GLOBAL MARKETS-Wall St steps back, euro recovers but vulnerable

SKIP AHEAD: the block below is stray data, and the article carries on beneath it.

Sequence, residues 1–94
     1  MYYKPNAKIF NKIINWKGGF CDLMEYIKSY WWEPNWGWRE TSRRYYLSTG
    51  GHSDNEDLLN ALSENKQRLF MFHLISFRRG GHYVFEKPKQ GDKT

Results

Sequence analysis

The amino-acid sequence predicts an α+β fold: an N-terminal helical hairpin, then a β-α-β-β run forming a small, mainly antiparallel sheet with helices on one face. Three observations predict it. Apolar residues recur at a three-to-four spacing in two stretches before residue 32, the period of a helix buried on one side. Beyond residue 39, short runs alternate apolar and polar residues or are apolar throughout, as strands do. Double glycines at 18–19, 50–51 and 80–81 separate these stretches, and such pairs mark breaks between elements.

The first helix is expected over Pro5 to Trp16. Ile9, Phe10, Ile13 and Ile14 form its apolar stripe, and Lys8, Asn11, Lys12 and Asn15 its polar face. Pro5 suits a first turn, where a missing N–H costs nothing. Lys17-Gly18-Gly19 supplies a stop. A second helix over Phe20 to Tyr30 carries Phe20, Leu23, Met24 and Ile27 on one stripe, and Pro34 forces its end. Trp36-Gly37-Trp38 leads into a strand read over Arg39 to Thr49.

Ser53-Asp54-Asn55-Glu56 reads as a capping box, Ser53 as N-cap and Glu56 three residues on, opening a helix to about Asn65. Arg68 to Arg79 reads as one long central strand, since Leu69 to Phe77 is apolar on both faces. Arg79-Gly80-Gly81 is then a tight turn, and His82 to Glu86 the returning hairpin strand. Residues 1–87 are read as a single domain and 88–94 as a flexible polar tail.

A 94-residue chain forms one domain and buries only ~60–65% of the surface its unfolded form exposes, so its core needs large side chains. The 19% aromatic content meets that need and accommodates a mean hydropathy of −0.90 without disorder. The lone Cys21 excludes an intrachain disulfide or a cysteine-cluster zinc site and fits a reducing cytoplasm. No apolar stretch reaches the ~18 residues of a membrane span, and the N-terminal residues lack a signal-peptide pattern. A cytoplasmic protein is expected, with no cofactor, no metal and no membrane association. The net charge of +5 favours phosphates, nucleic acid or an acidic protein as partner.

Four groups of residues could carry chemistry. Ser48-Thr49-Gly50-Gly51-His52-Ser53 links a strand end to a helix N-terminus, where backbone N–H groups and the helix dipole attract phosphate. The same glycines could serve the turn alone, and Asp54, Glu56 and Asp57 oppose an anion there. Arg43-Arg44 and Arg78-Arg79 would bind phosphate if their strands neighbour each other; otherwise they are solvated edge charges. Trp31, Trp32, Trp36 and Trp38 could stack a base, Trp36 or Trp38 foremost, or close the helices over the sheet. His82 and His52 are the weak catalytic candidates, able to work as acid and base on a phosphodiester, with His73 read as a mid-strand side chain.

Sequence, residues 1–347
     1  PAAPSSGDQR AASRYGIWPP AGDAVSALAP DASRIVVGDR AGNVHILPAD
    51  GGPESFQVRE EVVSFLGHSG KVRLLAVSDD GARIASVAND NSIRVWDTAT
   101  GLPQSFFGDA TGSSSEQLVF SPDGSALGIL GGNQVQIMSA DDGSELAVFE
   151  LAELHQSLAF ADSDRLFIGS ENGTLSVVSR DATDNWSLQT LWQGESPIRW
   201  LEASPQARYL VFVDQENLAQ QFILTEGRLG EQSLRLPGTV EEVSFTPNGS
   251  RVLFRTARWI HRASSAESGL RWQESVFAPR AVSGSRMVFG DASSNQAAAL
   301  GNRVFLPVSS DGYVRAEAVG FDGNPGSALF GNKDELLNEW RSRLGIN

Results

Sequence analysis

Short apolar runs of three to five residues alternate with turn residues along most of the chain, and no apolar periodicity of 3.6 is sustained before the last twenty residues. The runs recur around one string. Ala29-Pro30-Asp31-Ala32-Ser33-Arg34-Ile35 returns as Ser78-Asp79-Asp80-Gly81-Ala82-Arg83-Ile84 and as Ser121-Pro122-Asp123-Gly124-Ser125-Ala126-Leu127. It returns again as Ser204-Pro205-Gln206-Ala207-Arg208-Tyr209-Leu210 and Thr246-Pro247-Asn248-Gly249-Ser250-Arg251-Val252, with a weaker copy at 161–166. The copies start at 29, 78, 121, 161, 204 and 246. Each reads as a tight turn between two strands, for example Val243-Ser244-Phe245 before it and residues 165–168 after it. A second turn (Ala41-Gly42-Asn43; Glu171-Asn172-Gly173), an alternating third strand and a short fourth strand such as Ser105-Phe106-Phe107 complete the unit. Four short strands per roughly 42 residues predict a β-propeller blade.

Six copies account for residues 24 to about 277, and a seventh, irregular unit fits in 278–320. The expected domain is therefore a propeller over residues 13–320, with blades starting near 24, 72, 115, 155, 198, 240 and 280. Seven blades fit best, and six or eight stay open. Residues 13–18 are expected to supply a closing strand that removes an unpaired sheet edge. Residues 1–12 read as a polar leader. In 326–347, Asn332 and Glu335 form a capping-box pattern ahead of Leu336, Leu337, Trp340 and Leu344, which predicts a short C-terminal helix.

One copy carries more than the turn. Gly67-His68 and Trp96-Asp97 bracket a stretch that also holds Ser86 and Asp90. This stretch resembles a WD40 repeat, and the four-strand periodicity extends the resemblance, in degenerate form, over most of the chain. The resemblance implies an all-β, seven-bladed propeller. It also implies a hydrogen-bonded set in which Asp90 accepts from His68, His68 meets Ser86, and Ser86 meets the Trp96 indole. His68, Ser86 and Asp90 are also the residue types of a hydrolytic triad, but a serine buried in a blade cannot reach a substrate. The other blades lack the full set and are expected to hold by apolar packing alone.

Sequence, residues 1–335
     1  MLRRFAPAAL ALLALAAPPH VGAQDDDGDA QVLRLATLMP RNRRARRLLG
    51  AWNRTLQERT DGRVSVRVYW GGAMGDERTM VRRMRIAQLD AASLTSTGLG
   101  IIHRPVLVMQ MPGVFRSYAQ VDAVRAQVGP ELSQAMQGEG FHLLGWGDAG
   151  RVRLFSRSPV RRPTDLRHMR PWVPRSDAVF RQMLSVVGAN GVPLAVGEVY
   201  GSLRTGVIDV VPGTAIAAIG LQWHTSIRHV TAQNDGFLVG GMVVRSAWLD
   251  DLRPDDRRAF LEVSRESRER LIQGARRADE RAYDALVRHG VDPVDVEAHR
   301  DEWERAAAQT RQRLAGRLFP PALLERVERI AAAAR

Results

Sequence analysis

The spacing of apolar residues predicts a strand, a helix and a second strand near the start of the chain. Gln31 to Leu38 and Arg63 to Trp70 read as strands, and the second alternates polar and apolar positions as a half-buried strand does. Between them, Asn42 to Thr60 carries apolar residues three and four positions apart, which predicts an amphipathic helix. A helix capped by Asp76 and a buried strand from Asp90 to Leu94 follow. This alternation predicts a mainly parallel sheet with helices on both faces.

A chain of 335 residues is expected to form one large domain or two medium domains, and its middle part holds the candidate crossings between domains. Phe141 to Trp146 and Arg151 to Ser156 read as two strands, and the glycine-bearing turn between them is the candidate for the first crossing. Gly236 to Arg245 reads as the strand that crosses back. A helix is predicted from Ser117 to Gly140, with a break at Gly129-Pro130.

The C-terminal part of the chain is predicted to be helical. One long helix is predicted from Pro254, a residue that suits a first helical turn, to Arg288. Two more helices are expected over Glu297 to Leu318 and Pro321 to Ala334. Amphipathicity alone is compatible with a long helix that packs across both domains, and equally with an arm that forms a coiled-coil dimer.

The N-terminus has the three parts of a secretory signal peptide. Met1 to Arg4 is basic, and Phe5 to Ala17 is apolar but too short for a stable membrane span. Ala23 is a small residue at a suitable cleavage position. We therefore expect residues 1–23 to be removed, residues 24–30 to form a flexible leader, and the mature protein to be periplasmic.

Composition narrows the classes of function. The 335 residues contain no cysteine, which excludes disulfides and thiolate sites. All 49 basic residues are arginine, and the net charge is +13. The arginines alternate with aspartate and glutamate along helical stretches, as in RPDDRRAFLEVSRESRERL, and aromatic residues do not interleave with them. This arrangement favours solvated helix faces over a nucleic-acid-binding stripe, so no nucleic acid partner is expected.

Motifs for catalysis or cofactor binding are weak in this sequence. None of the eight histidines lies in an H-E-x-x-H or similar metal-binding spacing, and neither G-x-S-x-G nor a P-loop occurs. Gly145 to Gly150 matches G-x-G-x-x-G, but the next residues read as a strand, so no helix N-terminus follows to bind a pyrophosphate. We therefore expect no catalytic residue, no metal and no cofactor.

* Wall St opens slightly lower after recent highs * Euro recovers from 2-week low, currency war talk increases * Brent crude slides under $118 a barrel * Most Asian financial centers shut for Lunar New Year By Leah Schnurr NEW YORK, Feb 11 (Reuters) - U.S. stocks faltered on Monday, taking a breather after hitting multi-year highs, while the euro recovered from a two-week low as talk of currency wars unnerved investors. Encouraging U.S. and Chinese data last week helped push U.S. equities higher, sending the tech-focused Nasdaq to a 12-year closing high and the S&P 500 to a five-year peak. With no major economic or corporate news on Monday, investors were left with little reason to push the market higher, for now. Federal Reserve Vice Chair Janet Yellen was due to speak about the economic recovery at 1 p.m. (1800 GMT). Still, technical indicators are "looking very good" and could give the market a floor, said Peter Cardillo, chief market economist at Rockwell Global Capital in New York. He said the market will pay attention to Yellen's speech, but he does not expect any deviation from her traditionally dovish monetary policy stance. Shortly after the opening bell, the Dow Jones industrial average was off 45.76 points, or 0.33 percent, at 13,947.21. The Standard & Poor's 500 Index was down 3.25 points, or 0.21 percent, at 1,514.68. The Nasdaq Composite Index was down 8.81 points, or 0.28 percent, at 3,185.06. The benchmark 10-year U.S. Treasury note was down 1/32, the yield at 1.9518 percent. MSCI's world equity index was down 0.46 percent, and the pan-European FTSEurofirst 300 index fell 0.7 percent. Tensions over whether some countries are deliberately trying to weaken their currencies were heightened, with French Finance Minister Pierre Moscovici saying euro zone countries need closer cooperation on exchange rate policy. He said the issue would be discussed at a meeting of euro zone finance ministers later on Monday. The comments come after European Central Bank President Mario Draghi suggested last week that further euro strength could lead to an interest rate cut. French President Francois Hollande has also urged the euro zone to set an exchange rate target. The Group of Seven major industrial nations may be about to add its weight to the debate in an effort to cool the rhetoric. Two G20 officials told Reuters the group was considering making a statement this week reaffirming a commitment to "market-determined" exchange rates. G20 finance ministers and central bankers meet in Moscow on Friday and Saturday. "The idea of being interventionist in currencies is not particularly new. But at the moment, because some of the bigger players are at the forefront, it feels like a much more pressing issue for markets," said Daragh Maher, FX strategist at HSBC. The fear of competitive devaluations by major economies has been building since new Japanese Prime Minister Shinzo Abe began putting pressure on the country's central bank to take aggressive easing measures to revive the nation's economy. The euro edged up 0.1 percent to $1.3369 as speculators bought into the dip after the currency touched a two-week low of $1.3325 earlier in Asian trade. Brent crude prices dropped below $118 a barrel as concern about the euro zone economy eclipsed stronger-than-expected demand growth in China. Trade data out of China had sent Brent crude to a nine-month high on Friday. Trade was set to be limited this week as many Asian markets are shut due to the Chinese New Year. Brent crude fell $1.27 to $117.63 a barrel, while U.S. crude futures slipped 42 cents to $95.30.